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Alejandra Jáuregui, Selene Pacheco-Miranda, Armando García-Olvera and Emanuel Orozco-Núñez

Background: Quality physical education (QPE) is part of a whole-of-school approach for school-based physical activity promotion. The United Nations Educational, Scientific and Cultural Organization QPE Policy Project supported 4 countries to develop QPE policies. The authors summarize the process, progress, successes, setbacks, and lessons learned during the implementation of the project in Mexico. Methods: The project was developed from August 2016 to April 2018 following the methodology proposed by the United Nations Educational, Scientific and Cultural Organization. Adaptations to the methodology were made to meet local needs. Results and Discussion: The project successfully implemented the United Nations Educational, Scientific and Cultural Organization methodology and prepared a national strategy for the provision of QPE in Mexico. The national strategy progressed despite the change in presidential administration. Successes included the use of a QPE policy evaluation framework, the inclusion of stakeholders representing extreme PE views and from all regions in the country, and the presence of international agencies in the national team. Setbacks included difficulties in engaging key organizations and a weak communication campaign. Lessons learned are discussed. Conclusions: The QPE project in Mexico served as a pilot project to test the feasibility of implementing a QPE policy revision process. The experience and lessons learned in Mexico can be drawn on to inform the work of other stakeholders interested in advocating for a national QPE policy.

Open access

Christopher C. Moore, Aston K. McCullough, Elroy J. Aguiar, Scott W. Ducharme and Catrine Tudor-Locke

Background: The authors conducted a scoping review as a first step toward establishing harmonized (ie, consistent and compatible), empirically based best practices for validating step-counting wearable technologies. Purpose: To catalog studies validating step-counting wearable technologies during treadmill ambulation. Methods: The authors searched PubMed and SPORTDiscus in August 2019 to identify treadmill-based validation studies that employed the criterion of directly observed (including video recorded) steps and cataloged study sample characteristics, protocol details, and analytical procedures. Where reported, speed- and wear location–specific mean absolute percentage error (MAPE) values were tabulated. Weighted median MAPE values were calculated by wear location and a 0.2-m/s speed increment. Results: Seventy-seven eligible studies were identified: most had samples averaging 54% (SD = 5%) female and 27 (5) years of age, treadmill protocols consisting of 3 to 5 bouts at speeds of 0.8 (0.1) to 1.6 (0.2) m/s, and reported measures of bias. Eleven studies provided MAPE values at treadmill speeds of 1.1 to 1.8 m/s; their weighted median MAPE values were 7% to 11% for wrist-worn, 1% to 4% for waist-worn, and ≤1% for thigh-worn devices. Conclusions: Despite divergent study methodologies, the authors identified common practices and summarized MAPE values representing device step-count accuracy during treadmill walking. These initial empirical findings should be further refined to ultimately establish harmonized best practices for validating wearable technologies.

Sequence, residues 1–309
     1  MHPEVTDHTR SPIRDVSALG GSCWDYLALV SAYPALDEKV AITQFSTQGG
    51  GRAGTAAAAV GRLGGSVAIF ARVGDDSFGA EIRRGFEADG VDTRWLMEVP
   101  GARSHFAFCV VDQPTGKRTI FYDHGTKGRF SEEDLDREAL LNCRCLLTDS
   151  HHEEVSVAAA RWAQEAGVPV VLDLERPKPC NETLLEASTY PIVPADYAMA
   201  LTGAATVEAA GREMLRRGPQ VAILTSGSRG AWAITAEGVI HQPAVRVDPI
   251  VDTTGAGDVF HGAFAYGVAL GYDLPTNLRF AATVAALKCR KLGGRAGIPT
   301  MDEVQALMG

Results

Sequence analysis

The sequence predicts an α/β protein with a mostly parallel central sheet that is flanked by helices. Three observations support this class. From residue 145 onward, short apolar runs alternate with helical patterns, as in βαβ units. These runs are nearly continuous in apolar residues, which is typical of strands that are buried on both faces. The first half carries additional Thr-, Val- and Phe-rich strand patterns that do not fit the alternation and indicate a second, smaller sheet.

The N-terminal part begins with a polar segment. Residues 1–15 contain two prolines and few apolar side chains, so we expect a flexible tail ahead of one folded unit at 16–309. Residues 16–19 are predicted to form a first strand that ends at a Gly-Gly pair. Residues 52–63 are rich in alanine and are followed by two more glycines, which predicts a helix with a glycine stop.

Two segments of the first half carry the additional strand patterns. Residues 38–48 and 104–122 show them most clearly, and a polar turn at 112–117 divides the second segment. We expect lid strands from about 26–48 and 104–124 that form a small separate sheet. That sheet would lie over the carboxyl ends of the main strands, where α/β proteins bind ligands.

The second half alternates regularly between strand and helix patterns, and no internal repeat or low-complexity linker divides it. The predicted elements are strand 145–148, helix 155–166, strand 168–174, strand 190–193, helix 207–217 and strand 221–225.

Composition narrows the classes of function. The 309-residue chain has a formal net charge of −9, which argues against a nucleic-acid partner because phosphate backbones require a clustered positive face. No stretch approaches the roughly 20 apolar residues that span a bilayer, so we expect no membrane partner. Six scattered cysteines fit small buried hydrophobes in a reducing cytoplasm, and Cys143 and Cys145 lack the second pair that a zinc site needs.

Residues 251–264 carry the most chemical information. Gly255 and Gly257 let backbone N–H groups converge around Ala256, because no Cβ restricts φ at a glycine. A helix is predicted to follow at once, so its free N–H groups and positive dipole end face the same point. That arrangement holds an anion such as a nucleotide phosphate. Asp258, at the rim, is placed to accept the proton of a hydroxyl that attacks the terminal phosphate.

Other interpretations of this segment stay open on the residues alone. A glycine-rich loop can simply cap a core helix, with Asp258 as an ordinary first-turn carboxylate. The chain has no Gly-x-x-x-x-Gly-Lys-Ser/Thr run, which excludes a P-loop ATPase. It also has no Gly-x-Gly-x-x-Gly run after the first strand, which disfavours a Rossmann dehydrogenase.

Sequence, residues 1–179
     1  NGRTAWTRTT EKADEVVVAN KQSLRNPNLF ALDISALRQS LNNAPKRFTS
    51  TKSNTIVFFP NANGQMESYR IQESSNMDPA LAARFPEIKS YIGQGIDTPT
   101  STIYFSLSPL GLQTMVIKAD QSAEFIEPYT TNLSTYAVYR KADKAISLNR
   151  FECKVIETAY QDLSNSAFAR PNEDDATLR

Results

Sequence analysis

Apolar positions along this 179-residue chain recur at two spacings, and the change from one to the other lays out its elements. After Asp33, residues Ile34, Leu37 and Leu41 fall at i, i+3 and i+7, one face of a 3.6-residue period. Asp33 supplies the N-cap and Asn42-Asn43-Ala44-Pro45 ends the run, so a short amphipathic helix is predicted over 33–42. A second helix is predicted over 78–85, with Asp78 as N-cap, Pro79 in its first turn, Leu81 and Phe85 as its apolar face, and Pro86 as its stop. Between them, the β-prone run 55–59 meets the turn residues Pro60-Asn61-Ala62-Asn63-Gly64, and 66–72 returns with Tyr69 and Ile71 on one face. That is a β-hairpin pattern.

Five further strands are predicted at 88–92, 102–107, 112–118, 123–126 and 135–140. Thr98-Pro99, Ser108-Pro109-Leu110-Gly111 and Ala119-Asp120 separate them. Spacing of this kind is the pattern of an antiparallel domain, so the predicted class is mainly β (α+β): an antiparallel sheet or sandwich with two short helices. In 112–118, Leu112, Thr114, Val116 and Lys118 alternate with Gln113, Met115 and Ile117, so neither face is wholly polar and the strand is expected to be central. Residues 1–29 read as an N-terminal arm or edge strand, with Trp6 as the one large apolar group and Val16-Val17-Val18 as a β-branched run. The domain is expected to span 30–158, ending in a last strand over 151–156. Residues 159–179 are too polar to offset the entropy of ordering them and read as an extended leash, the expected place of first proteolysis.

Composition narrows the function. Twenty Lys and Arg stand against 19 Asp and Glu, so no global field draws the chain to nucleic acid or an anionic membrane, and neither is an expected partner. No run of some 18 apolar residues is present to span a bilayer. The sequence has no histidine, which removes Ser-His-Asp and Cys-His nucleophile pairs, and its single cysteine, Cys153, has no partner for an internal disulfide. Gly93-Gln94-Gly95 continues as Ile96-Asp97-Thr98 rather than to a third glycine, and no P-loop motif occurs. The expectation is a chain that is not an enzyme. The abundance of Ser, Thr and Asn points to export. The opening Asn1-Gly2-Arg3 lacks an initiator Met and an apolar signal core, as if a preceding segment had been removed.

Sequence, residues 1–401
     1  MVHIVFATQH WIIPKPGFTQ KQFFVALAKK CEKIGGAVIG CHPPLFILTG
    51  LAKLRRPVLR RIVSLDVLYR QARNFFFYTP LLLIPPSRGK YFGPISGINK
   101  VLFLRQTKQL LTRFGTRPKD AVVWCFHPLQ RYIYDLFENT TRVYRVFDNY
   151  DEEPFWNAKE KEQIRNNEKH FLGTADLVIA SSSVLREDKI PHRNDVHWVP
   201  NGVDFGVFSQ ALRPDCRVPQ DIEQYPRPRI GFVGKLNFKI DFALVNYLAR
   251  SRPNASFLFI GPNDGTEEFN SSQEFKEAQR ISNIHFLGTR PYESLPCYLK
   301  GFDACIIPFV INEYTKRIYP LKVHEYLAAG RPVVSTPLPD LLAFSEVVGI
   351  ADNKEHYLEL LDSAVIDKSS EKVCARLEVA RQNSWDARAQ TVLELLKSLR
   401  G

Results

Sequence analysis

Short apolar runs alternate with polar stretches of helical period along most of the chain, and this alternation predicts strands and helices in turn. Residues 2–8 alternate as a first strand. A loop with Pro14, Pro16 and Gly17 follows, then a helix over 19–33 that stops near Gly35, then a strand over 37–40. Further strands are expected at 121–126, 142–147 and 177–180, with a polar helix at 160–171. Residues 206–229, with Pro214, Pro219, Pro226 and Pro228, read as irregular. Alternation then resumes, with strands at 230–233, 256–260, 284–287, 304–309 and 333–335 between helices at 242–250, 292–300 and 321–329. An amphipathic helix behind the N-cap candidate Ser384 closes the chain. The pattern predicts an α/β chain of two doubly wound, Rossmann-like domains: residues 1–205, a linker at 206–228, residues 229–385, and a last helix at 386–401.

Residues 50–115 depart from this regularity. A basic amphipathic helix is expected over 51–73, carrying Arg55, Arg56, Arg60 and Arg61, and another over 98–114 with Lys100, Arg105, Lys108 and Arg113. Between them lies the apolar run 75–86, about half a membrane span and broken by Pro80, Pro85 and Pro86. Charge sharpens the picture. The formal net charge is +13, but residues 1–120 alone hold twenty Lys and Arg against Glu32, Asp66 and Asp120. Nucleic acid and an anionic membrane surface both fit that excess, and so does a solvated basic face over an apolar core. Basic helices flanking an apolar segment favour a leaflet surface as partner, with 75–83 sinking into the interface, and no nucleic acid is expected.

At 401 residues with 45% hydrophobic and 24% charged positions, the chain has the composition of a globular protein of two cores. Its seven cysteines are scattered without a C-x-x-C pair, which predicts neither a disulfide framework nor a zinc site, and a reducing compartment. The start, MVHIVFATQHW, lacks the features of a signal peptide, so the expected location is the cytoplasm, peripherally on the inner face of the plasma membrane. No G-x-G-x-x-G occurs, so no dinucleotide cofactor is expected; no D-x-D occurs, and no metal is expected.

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Robert Turick, Anthony Weems, Nicholas Swim, Trevor Bopp and John N. Singer

One prominent, well-debated issue in the American higher education system is whether university officials should remove the names of individuals with racist pasts from campus buildings/structures that bear their namesake. The purpose of this study was to analyze basketball and football facilities at Division I Football Bowl Subdivision institutions to explore the racialized history of the people whom these facilities are named after. Utilizing a collective case study approach, the authors identified 18 facilities that were named after athletic administrators, coaches, and philanthropists who engaged in racist activities or harbored racist views. The authors argue, using critical race theory and systemic racism theory as interpretative lenses, that naming buildings after racist persons legitimizes their legacies, rationalizes systemic racism, and continues to unjustly enrich this particular group.